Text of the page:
***  Just as the Nazi children were led by one of their own – the handsome, well-built and charismatic Johann Von Tiebolt, the Paminyatchiki were led by one of their own – a handsome, well-built and charismatic figure whose identity I won’t reveal. I CAN say that he is the Parsifal associate using the codename Ambiguity.  

*** Ludlum loves to write male figures romantically pining for their dead true love, like Lawrence Fassett in The Osterman Weekend, Brandon Scofield in The Matarese Circle, or David Webb before he became Delta (and later Jason Bourne) in The Bourne Identity. In The Parsifal Mosaic that figure is the boozy, discredited newspaper columnist “Alexander the Great”, who seems to be Ludlum’s pastiche of Joseph Alsop. Plus remember Havelock’s “mourning” state early in the novel when he thought Jenna was dead.     

*** The American Intelligence operative who engineered the fake murder of Jenna Karas on the Costa Brava is depicted as an adrenaline junkie who came to live only for the risks he faced in the field, beginning during the Vietnam War. This is similar to David Webb/ Delta in his down time following the Vietnam War until he was recruited for his undercover assignment as Jason Bourne.   

TEASERS: Other tantalizing aspects of the mosaic created by Parsifal include:

+ A veritable concentration camp for slave labor … in Pennsylvania.

+ An East Coast American Island which houses a highly detailed duplicate of Washington D.C.

+ A fictional president – Charles Berquist – who has formed a small ad hoc group of advisors whom he consults because the U.S. government is being blackmailed by Parsifal … and is doing whatever is demanded.

+ The Parsifal associate codenamed Ambiguity is coordinating his actions with the fanatics of the VKR and is basically running the remaining paminyatchiki for them.

Overall The Parsifal Mosaic is enjoyable and it highlights Robert Ludlum’s view that left-wing zealots are every bit as destructive as right-wing zealots. Ultimately, however, the disappointing motive behind Parsifal’s mosaic is a bit “undergrad” or like something from a creative writing course. Readers tend to expect better from Ludlum.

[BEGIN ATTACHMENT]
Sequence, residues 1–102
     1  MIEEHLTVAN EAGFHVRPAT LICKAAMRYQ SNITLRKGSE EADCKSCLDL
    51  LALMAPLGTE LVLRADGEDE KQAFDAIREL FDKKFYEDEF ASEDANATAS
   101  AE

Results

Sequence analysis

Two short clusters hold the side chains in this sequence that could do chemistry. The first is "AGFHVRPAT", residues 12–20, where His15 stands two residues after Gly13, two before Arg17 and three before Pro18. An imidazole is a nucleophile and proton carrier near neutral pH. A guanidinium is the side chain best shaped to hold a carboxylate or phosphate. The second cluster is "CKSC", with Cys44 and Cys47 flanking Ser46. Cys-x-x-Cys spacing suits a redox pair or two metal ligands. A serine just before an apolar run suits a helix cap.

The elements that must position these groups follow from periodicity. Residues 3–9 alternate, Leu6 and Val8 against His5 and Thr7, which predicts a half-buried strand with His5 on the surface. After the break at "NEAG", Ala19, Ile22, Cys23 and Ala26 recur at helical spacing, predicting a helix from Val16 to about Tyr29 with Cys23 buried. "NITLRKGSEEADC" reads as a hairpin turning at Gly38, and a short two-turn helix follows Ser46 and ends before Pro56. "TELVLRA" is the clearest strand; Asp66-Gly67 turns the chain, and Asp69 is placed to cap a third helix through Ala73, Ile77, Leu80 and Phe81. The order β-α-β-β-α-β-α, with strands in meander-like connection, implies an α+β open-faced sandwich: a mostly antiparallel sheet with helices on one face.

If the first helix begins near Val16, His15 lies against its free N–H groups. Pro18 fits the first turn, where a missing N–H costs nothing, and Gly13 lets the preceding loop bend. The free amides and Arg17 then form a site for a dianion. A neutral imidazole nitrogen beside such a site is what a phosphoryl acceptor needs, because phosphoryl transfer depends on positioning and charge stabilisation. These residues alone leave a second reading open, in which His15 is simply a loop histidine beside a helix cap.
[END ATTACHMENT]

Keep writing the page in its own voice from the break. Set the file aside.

On the plus side the author included his usual bits of verisimilitude, especially regarding his fictional Consular Operations. In The Parsifal Mosaic we readers are told that Spain is still so shaky following Franco’s death in 1975 that there is no Cons Op station in Madrid. The clandestine organization’s operations in both Spain and Portugal are directed out of Lisbon. 

Exposure to the writings of Robert Ludlum and George MacDonald Fraser at a young age was an immense help to me in seeing the flaws and foulness of both the political left and right. Just as Ludlum definitely leaned left but included a lot of what would be labeled “right-wing” sentiments in his writing, Fraser definitely leaned right but included a lot of what would be labeled “left-wing” sentiments in his writing.

The non-dogmatic approach employed by those two men stands out to me more and more, as shrill partisanship comes to cloud so much present-day writing. +++


© Edward Wozniak and Balladeer’s Blog, 2019. Unauthorized use and/or duplication of this material without express and written permission from this blog’s author and/or owner is strictly prohibited. Excerpts and links may be used, provided that full and clear credit is given to Edward Wozniak and Balladeer’s Blog with appropriate and specific direction to the original content. 


Filed under opinion, Pulp Heroes


  1. Burt

    Thank you! I thought I was alone in thinking how this was just a combo of Ludlum’s previous works.

  2. Trina

    I think this really was his last good novel looking back on it all. I never read them until the past 5 years but I think Parsifal was the last good one.

  3. Chris

    You’re wrong. This was one of Ludlum’s best.

  4. D Critchlow

    Fascinating take on this novel. I liked it more than you did though.

  5. Stanley

    I am glad that I found this review! It made me want to read this Ludlum novel and now I am hooked!

  6. StewNWT

    There was only one person of color in this novel so of course white people read it.

  7. Pingback: BEST OF JANUARY 2019 | Balladeer's Blog

  8. Mike Wellman

    These Ludlum reviews are why I like Balladeer’s Blog!

  9. Tess

    You say you liked this book? Your review sounds like you hated it.